Thursday, April 22, 2010

Scripture Tools for Every Pastor (STEP)

Tyndale House has an interesting project to provide Bible-study tools for pastors. See the writeup here, and also here. Looks very interesting and encouraging. Now if we could only use or extend it for Bible translation...

Thursday, April 15, 2010

The wheels keep turning

Another long, but insightful blog by Tim over at Distant Shores Media (DSM) again explains how copyrights of Christian materials can limit discipleship. He also talks about a forthcoming Open Discipleship License -- it's not completely clear but it sounds like something that DSM is developing as a niche alternative to Creative Commons licensing.

Monday, April 12, 2010

Trickles turn into rivers

Kudos to programmer Michael Paul Johnson for realising many years ago that Bible copyrights impede a lot of good, constructive Christian activities in the digital/Internet age, and for adapting and editing the now out-of-copyright American Standard Version (ASV) of 1901 into the World English Bible (WEB), which is given as a public domain gift to the world.

I came across it a couple of years back as I wrestled with similar concerns, and considered joining MPJ's effort. But although we have many overlapping interests, I was aiming at a different audience, and decided to move towards a similar project, but named The Open English Translation (OET) Bible. Imitation being the best form of flattery, I have also started by updating English words in the ASV (e.g., seeketh -> seeks, prayest -> pray) and making some other automated changes. In my spare time for the last few weeks, I have been learning the Pinax/Django platform to try to find an effective way to host a Bible editing wiki-type site.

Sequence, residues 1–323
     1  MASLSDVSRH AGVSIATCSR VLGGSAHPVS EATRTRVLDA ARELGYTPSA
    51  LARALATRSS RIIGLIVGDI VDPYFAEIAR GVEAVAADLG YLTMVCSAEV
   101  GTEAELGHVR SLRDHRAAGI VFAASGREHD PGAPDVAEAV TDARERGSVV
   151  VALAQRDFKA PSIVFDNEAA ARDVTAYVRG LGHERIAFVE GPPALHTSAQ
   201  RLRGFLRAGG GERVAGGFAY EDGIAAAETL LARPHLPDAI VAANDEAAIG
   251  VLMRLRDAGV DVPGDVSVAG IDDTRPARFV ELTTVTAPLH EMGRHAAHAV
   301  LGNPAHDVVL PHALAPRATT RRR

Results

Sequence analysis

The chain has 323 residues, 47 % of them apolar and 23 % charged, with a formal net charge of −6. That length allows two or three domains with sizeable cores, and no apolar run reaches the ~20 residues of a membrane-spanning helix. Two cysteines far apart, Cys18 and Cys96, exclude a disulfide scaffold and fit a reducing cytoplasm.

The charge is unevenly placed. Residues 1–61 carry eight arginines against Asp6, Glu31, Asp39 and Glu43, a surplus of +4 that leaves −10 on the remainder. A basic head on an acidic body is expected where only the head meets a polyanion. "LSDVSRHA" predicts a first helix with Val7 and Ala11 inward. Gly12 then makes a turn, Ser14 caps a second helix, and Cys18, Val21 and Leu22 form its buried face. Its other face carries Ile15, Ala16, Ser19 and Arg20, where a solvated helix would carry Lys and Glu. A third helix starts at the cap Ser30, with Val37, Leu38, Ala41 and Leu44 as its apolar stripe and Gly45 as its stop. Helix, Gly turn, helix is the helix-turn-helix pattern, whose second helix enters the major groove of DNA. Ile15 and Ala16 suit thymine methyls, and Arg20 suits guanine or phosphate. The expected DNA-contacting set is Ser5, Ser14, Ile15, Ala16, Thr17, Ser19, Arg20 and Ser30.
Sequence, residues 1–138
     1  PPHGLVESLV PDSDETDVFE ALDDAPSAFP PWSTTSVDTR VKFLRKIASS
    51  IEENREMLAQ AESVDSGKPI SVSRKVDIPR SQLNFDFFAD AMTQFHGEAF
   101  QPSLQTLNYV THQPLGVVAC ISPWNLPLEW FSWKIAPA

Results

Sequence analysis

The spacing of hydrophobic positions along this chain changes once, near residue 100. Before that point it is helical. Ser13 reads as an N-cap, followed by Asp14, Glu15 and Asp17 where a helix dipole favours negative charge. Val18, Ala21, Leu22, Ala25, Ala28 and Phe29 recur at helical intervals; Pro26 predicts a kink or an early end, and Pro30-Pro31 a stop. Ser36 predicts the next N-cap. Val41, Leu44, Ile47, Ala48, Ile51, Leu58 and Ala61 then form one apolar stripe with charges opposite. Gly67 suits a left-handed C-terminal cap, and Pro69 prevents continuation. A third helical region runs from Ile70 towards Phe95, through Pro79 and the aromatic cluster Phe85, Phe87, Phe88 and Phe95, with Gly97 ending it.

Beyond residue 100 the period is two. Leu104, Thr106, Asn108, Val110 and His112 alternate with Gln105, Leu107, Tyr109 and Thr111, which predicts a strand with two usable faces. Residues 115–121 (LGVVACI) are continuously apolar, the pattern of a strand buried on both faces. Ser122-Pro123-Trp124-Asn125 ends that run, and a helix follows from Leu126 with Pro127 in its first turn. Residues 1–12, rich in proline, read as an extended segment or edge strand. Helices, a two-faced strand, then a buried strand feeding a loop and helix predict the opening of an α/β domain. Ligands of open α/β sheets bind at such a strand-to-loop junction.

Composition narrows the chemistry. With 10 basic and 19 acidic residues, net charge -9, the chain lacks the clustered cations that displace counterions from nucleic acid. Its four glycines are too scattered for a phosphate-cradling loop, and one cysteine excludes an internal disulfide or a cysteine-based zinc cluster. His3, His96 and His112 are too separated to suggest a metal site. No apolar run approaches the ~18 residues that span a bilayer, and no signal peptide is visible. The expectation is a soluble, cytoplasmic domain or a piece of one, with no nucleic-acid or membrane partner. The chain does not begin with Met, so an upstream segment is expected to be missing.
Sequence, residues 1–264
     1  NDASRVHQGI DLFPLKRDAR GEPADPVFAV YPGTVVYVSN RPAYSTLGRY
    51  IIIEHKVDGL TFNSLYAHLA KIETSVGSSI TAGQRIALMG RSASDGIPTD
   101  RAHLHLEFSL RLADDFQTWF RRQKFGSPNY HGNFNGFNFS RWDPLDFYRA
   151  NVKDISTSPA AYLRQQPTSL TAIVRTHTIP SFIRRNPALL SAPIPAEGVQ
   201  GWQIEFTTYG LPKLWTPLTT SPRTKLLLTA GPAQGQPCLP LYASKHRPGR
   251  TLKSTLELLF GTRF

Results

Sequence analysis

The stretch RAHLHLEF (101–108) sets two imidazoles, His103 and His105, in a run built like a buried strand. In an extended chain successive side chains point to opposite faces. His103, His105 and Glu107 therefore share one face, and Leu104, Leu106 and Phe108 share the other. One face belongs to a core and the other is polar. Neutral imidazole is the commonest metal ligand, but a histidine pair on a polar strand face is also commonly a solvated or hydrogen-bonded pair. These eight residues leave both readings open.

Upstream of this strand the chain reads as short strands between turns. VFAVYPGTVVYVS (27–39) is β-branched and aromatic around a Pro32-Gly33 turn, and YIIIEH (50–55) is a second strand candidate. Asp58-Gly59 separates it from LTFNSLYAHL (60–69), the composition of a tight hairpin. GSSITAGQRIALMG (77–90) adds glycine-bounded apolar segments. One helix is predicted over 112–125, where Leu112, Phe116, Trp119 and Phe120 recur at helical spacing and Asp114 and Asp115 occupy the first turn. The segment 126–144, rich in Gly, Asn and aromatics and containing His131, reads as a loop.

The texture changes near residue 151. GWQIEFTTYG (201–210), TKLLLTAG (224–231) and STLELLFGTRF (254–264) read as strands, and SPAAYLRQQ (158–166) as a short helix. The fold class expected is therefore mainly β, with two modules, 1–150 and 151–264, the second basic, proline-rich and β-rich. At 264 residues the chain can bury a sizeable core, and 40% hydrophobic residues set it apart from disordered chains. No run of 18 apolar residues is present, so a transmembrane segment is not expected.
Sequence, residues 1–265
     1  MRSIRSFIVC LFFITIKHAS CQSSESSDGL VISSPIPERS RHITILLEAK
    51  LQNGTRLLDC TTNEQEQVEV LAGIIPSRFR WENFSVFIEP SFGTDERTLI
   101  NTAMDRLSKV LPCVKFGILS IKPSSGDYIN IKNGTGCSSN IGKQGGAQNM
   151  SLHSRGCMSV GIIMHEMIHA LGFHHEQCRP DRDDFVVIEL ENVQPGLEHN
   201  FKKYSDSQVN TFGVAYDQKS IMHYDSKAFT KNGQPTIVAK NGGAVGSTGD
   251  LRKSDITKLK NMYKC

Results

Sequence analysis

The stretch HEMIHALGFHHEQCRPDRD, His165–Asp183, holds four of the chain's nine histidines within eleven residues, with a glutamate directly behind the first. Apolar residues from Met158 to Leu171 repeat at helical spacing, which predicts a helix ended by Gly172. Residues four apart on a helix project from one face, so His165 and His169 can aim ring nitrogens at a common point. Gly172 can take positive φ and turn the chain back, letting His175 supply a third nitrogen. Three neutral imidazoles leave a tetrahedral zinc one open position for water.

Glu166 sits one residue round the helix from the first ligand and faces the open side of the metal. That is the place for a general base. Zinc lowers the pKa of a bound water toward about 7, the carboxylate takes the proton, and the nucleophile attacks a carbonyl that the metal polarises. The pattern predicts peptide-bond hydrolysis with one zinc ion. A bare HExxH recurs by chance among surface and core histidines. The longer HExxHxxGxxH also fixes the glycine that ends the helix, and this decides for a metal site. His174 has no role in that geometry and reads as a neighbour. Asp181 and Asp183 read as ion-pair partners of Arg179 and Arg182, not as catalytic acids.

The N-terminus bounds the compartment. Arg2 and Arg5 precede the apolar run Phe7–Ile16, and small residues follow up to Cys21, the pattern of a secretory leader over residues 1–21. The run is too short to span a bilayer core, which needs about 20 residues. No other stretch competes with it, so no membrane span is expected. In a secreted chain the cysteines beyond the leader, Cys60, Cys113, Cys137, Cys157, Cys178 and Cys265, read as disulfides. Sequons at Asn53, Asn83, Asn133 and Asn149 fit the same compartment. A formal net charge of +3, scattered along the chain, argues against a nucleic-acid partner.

Then last week, I came across The Open English Bible. It starts with the Twentieth Century New Testament (which I had never heard of) and does something similar. Obviously, with a website already up, and a preview release of Mark already available, lawyer Russell Allen is already way ahead of me! (It has a Creative Commons Attribution licence and like me, he's also a Python man.)

I'm sure there's others too out there -- the Net is a BIG place! I know that Door43 is also trying to do something similar.

So is this encouraging or discouraging? The trickle turns to a stream. Might it turn into a river? At least I was probably on to a good thing, even if I'm now just one of many. At the risk of stubbornly continuing with the individualistic "do your own thing anyway" philosophy, I think I'll continue dreaming and slowly plodding forward for now. I'll try to start writing more about my OET intentions soon...

Added P.S.: I knew there was another one I should have mentioned. Kata Biblon (meaning: according to the book) has set up the Wiki English Translation (WET), also taking inspiration from MPJ and based on the WEB. Thomas Moore has already done a LOT of work to get this up and going.

Saturday, April 10, 2010

Christianity and Copyright

I don't have time to craft my own blogs yet, I guess because I'm still spending time on the net learning what others are up to. And I keep discovering more people with overlapping ideas. Here's another at Nathan Smith's blog.